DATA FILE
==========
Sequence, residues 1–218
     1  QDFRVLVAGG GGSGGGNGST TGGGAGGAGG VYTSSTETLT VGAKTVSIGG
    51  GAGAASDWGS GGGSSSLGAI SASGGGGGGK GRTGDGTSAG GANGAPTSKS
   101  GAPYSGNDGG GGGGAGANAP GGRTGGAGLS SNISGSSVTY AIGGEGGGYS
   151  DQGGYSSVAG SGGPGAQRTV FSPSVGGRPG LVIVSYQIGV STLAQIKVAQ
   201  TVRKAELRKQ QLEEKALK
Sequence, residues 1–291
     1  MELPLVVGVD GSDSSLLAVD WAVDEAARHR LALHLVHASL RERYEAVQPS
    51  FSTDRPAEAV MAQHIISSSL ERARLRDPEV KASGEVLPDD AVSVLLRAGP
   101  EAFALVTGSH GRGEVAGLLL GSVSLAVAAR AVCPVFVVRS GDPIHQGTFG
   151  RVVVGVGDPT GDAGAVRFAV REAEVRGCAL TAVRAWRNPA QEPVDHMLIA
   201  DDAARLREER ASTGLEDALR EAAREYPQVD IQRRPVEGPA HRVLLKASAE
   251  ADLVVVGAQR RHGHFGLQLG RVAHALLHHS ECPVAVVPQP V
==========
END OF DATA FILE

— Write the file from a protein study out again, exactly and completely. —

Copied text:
Sequence, residues 1–218
     1  QDFRVLVAGG GGSGGGNGST TGGGAGGAGG VYTSSTETLT VGAKTVSIGG
    51  GAGAASDWGS GGGSSSLGAI SASGGGGGGK GRTGDGTSAG GANGAPTSKS
   101  GAPYSGNDGG GGGGAGANAP GGRTGGAGLS SNISGSSVTY AIGGEGGGYS
   151  DQGGYSSVAG SGGPGAQRTV FSPSVGGRPG LVIVSYQIGV STLAQIKVAQ
   201  TVRKAELRKQ QLEEKALK
Sequence, residues 1–291
     1  MELPLVVGVD GSDSSLLAVD WAVDEAARHR LALHLVHASL RERYEAVQPS
    51  FSTDRPAEAV MAQHIISSSL ERARLRDPEV KASGEVLPDD AVSVLLRAGP
   101  EAFALVTGSH GRGEVAGLLL GSVSLAVAAR AVCPVFVVRS GDPIHQGTFG
   151  RVVVGVGDPT GDAGAVRFAV REAEVRGCAL TAVRAWRNPA QEPVDHMLIA
   201  DDAARLREER ASTGLEDALR EAAREYPQVD IQRRPVEGPA HRVLLKASAE
   251  ADLVVVGAQR RHGHFGLQLG RVAHALLHHS ECPVAVVPQP V